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Covid-19 Tests

Dáil Éireann Debate, Friday - 3 December 2021

Friday, 3 December 2021

Questions (211)

David Cullinane


211. Deputy David Cullinane asked the Minister for Health his plans to expand access to antigen and PCR testing; the status of tracing capacity; and if he will make a statement on the matter. [59115/21]

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Written answers (Question to Health)

Testing and contact-tracing continues to be a key component of the Government’s response to the pandemic.

Demand for testing at this time is very high, with almost 220,000 tests conducted in the last seven days. This demand on the testing and tracing system is due to the high level of infection currently being experienced in the community.

The HSE is making every effort necessary to address the very significant demand arising for PCR testing. This includes making arrangements with private providers to add new capacity, extending the opening hours of swabbing centres and ongoing recruitment and redeployment to swabbing teams, and doubling the number of National Ambulance Service mobile teams.

The HSE operates testing centres at locations around the country, details of which are available on the HSE website at The HSE also continues to monitor the need for testing centres and the most appropriate locations at any given time. Individuals who have a medical condition that prevents them from getting to a test centre can be referred by a GP for a home test.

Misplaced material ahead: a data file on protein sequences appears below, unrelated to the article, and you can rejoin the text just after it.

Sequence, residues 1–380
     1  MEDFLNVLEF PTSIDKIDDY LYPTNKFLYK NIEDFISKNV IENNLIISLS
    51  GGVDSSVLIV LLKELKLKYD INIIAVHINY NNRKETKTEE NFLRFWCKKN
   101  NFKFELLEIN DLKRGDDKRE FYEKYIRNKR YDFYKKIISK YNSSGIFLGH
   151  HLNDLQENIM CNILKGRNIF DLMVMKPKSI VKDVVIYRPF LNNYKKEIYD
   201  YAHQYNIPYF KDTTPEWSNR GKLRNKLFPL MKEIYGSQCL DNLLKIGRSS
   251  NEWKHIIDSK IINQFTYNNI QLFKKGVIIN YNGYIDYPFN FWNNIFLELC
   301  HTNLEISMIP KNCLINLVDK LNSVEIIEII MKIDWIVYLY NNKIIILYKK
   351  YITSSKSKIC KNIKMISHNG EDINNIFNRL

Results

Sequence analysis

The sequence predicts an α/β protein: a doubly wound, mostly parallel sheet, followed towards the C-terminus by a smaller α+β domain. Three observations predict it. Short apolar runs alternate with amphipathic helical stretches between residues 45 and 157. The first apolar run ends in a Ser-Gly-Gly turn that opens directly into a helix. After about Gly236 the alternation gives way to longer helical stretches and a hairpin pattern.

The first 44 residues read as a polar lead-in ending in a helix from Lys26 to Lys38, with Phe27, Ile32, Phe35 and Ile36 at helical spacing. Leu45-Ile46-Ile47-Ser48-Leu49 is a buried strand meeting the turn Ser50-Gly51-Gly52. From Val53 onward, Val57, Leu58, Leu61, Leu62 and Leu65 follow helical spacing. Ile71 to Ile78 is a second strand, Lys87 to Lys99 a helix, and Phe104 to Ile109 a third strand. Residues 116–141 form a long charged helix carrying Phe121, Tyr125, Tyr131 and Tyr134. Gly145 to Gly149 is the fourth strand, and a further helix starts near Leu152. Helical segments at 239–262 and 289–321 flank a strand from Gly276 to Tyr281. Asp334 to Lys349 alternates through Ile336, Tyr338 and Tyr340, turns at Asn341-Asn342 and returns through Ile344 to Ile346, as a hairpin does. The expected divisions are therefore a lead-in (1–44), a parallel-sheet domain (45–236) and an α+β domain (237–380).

These measures have increased the base community PCR capacity from 15,000 to 25,000 tests per day. Including acute hospital capacity, the HSE is now able to deliver 29,500 tests a day.

People using the self-referral online portal to book a test may find, at times, that no appointments are available. Appointments become available at various times during the day so people should try again later. If anybody with symptoms has concerns about booking a test, they should contact their GP.

As a result of this very high demand, the HSE is prioritising those who are clinically referred and symptomatic close contacts.

Antigen testing is already being used widely across the State, supported by the health service, including for testing of asymptomatic, vaccinated close contacts of a confirmed case, and in pilot programmes involving staff in early childcare facilities, staff and students in further and higher education, staff in food production facilities and in residential Care Facilities (RCFs) for Older Persons. From Monday 29th November, as an additional measure to support parents and schools, free antigen tests are now offered for primary school children who are identified as close contacts as part of a pod in which there was a confirmed case of COVID-19.  Antigen tests will be offered to a full class when two or more confirmed cases arise outside of a single pod in a class within a seven-day period.

It is important to reiterate the public health advice that anybody waiting for a test who has symptoms of Covid-19, should continue to self-isolate until they are at least 48 hours’ symptom free. This should minimize any impact where a person may have to wait a number of days for a test.

The role of testing and contact tracing, as part of the wider public health response, has been under ongoing review throughout the pandemic and will continue to be reviewed and amended in line with the epidemiological profile of the disease, its impact on healthcare utilisation and outcomes, the vaccination status of the population and ECDC guidance.